Congregations are also employers. When we act out of the values of justice, equity and compassion, we prioritize community care for our staff members. The UUA has continued to pay hourly and part time workers their expected wages to ensure stability and care for our employees. We are updating an online resource to support this important aspect of congregational life.
Congregations as Employers During the COVID-19 Pandemic
To support congregations in this time, the UUA is getting professional guidance on the recent and upcoming federal relief packages. We will soon have information available that details the impacts and benefits of these programs from congregations. We also provide resources for core religious activities like online worship, pastoral care, religious education, and stewardship. We will continue to update our online collection of COVID-19 resources:
Planning For and Addressing Pandemics in Your Community
Practicing Community Care for All
As Unitarian Universalists, we know that salvation is not individual. A theology of interdependence and mutuality reminds us that as we care for ourselves, we must also ensure the health and well-being of the most vulnerable.
This pandemic brings into sharp relief the systemic issues undermining the overall health of our country and planet. Millions of people were already grappling with the housing crisis, poverty, food insecurity, inadequate health care, mass incarceration and immigrant detention, and the climate crisis. We were already ill as a society when this pandemic hit. And it means the impacts are that much worse.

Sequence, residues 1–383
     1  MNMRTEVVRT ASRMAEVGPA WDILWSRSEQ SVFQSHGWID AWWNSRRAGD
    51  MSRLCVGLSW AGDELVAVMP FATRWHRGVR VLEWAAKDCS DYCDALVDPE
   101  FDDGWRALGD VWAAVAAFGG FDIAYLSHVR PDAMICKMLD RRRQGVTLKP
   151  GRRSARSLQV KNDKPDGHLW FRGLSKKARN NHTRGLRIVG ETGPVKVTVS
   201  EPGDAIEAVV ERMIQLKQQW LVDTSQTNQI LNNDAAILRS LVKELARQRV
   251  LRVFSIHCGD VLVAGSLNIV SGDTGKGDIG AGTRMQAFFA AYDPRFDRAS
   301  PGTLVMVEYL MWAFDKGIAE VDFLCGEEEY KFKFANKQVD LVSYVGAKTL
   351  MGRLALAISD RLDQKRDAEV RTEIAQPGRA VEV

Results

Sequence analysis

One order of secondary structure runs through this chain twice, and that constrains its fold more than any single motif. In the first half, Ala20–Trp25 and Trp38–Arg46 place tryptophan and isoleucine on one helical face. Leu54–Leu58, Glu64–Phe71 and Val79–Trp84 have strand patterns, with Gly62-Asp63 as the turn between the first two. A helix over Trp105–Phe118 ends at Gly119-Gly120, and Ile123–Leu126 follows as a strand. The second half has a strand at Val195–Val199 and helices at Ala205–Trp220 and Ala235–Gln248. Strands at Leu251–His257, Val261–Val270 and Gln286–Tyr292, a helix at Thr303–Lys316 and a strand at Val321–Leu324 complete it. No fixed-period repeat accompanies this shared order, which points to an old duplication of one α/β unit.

I am inspired by Unitarian Universalists who are responding to this moment by organizing food banks for undocumented folks, opening their congregations as day care centers for the children of medical staff, and organizing virtually to help people be released from jails and detention centers.
The overall injustice and vulnerability of our economic and social system is so clear. It matters that our leaders hear from us as religious people—a moral conscience for our country. The federal decisions made in this moment need to center care for all people and a stronger social fabric that really can hold us all.
Here are some ideas for actions you can take:
- Think about sharing space in new ways: This UU World story features a congregation that allocated space for a day care facility for the children of medical workers.
- Write to your representatives and demand a COVID-19 plan that protects all people: This form from People’s Action will help you advocate for change during this crisis.
There really is no script for this time. And yet, our fundamental values as Unitarian Universalists – to affirm the inherent worth and dignity of all people, to promote justice, equity and compassion in human relations, and to honor and care for the interdependent web of which we are a part – these haven’t changed. They are guides for us at this time.
Every one of our congregations is filled with generous, talented, resourceful and resilient people. And these gifts are so needed right now. This is an opportunity to be creative, to come together in leader-full ways to tend to the deep spiritual and pastoral needs of this time.
You are all doing such amazing ministry! Remember you are not alone. The work you are doing is important. Your congregation makes a difference. We are ALL in this together and love will guide us.
Yours in love,